An Inspirational Pep Talk from Author Jennifer Beckstrand!

Any of you who are doing NaNoWriMo this year will have seen the Pep Talks. And as much as I appreciate them, there’s just not a lot there for those of us who write Inspirational Fiction…

Let’s face it, Inspirational Fiction authors rarely end up on the same level as J.K. Rowling or Stephen King. Oh every once in a while we have one – Karen Kingsbury comes to mind but it’s much rarer for those of us who infuse our work with God’s Love than for those who write pure fiction.

So I figured we could use a little extra encouragement! And Jennifer Beckstrand has written a wonderful Pep Talk for us!

 

So here it is…

 

How to Get Through NANO by Jennifer Beckstrand

I love it when people ask for my advice, because 1) no one ever asks for my advice, and 2) it means they think I actually have something to say that’s worth hearing—either that or they are just humoring me to make me feel good about myself. This is why I love helping my kids with math. They think I’m smart by the time we’re finished.

My delightful online friend and faithful street team member Rachel Miller asked me to pen some advice for inspirational authors during NANO.

My first disclaimer is that I have never personally tried Nano. November tends to be one of the worst months in my life to try to write a book. January would be much better.

My second disclaimer is that I’m not an expert—like Stephen King who wrote a book about writing or J.K Rowling who wrote a book on a napkin—but I have completed 11 books, and I spend several hours a week pursuing a writing career. For what it’s worth, I am happy to pass on what I’ve learned.

First, some general pieces of advice to help make your writing better

  1. Read. Good writers are good readers. When I get in a rut with my word choices or characterizations, there is nothing like a good Orson Scott Card or Jane Austen to inspire me.
  2. Read about writing. Story by Robert McKee is one of my favorite books. Self-editing for Fiction Writers changed my life. There are dozens of blogs out there about everything from grammar usage to plot development. These can be extremely helpful.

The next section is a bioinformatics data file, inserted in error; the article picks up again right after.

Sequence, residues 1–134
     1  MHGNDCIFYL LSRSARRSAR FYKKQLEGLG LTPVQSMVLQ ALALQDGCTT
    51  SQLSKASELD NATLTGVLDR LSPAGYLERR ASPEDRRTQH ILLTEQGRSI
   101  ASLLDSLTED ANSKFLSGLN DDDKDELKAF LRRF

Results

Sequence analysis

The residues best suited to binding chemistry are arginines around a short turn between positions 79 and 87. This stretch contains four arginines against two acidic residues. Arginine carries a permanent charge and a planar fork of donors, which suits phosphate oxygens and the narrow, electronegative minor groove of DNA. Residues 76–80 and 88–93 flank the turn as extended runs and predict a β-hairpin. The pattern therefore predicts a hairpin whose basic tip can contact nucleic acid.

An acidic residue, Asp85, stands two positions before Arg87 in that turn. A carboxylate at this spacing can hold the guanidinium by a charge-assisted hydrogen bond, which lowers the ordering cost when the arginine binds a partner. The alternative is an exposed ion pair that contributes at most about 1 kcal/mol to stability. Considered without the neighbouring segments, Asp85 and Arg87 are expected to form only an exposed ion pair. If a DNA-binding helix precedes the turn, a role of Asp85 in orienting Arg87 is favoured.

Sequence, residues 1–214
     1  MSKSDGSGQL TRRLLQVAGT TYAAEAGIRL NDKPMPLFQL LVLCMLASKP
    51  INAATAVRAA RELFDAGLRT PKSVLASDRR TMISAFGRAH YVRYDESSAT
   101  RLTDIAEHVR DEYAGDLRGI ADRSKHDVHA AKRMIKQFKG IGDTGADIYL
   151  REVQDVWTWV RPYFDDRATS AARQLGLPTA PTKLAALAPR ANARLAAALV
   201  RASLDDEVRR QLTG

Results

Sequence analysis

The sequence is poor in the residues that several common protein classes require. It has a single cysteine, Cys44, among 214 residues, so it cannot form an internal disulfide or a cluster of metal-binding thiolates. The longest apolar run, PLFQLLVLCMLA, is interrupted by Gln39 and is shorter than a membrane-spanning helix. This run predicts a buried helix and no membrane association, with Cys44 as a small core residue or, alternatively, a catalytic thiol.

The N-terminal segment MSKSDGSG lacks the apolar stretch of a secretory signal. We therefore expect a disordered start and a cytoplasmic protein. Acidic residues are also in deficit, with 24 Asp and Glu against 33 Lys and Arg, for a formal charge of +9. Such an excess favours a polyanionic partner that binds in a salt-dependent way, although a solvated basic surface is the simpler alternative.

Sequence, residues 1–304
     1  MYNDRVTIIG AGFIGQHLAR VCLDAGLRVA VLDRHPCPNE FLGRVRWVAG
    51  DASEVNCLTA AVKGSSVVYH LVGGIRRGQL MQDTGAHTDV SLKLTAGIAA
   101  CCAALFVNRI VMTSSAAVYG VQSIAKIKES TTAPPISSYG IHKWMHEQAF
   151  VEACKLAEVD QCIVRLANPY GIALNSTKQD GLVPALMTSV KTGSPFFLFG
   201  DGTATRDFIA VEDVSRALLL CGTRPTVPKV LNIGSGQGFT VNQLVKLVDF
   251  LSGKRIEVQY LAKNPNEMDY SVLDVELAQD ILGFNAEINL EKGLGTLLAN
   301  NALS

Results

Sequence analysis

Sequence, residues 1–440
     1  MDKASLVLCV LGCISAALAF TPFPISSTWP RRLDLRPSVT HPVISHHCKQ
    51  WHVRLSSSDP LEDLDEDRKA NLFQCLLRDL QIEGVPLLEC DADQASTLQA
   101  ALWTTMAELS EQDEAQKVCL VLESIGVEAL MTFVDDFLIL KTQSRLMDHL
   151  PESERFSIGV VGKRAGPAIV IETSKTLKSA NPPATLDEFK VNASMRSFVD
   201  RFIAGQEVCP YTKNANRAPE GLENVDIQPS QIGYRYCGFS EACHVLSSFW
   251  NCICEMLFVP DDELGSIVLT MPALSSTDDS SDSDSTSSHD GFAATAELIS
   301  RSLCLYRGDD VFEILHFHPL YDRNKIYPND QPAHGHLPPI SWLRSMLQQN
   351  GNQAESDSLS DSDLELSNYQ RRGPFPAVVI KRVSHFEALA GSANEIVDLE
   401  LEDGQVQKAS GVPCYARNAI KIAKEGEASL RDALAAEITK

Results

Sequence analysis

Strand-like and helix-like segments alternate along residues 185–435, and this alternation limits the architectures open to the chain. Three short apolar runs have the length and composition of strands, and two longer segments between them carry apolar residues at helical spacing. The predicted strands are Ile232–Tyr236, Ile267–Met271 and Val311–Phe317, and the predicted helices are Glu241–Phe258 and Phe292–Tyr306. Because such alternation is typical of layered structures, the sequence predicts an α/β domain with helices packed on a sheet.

3. Get an education. Attend writer’s conferences and writing workshops. This is a great way to meet other writers and learn about the craft.
  4. Enter writing contests and/or get a critique partner. These can be scary because people actually read your stuff and give their opinions about your writing. It’s always a risk to put yourself out there. Unflattering comments about your writing can be painful, but they are also very helpful. How do you get better if nobody ever points out what you’re doing wrong?

Now on to Nano specific advice

  1. Most importantly, remember from the outset that YOU WILL ALWAYS BE ENOUGH. You don’t have to write one more word EVER. To God, you will always be enough, just the way you are. Sometimes the anxiety about plotlines or word choice or character development can overwhelm you. Take a deep breath and remember why you are writing a book. Did God call you to do it? Do you enjoy the satisfaction of sharing your talents? Do you love to write? Remember the why. It will help you conquer the how. But God will always love you. You don’t have to prove anything to Him. As long as you remember that, you’ll be okay.
  2. God loves you just the way you are, but I think one of the reasons He gives us His grace is because He wants us to stretch and grow. Jesus’s sacrifice was not only a gift He gave to us, but an investment He made in us. Use that enabling power of grace in every aspect of your life.
  3. If it doesn’t challenge you, it won’t change you. Just like lifting weights makes us stronger, struggling to write thousands of words a day makes us better. We wouldn’t improve if it wasn’t hard. Nobody wants to stagnate. You have to push through the hard times. Write junk on the page if you must, but WRITE.
  4. Remember that writing is work. HARD WORK. I had hoped after I wrote my first book that writing would get easier, that I could sit down at the computer and jot off three thousand words in a matter of minutes. This is not the case.
  5. Writing isn’t like cleaning toilets. Cleaning toilets isn’t fun, but at least you know exactly what you have to do to get the job done. With writing, I might put in three hours and have a paragraph to show for it. That’s the nature of the creative process. Ideas don’t flow all the time or even most of the time.
  6. So, even though it can be painful, it is important to sit in that chair and write, even if you can’t think of anything to write. Even if you know that most of what you write is going to get deleted. No writer has a book handed to her on a silver platter by the Muses or by God.

 

I don’t know about you but WOW! Just WOW! That was great! I know it gave me such a boost of confidence. THANK YOU Jennifer! You are such an encouragement to me!

 

For more information about Jennifer and her writing, You can click the links below.

WEBSITE   FACEBOOK   TWITTER   GOODREADS   KENSINGTON

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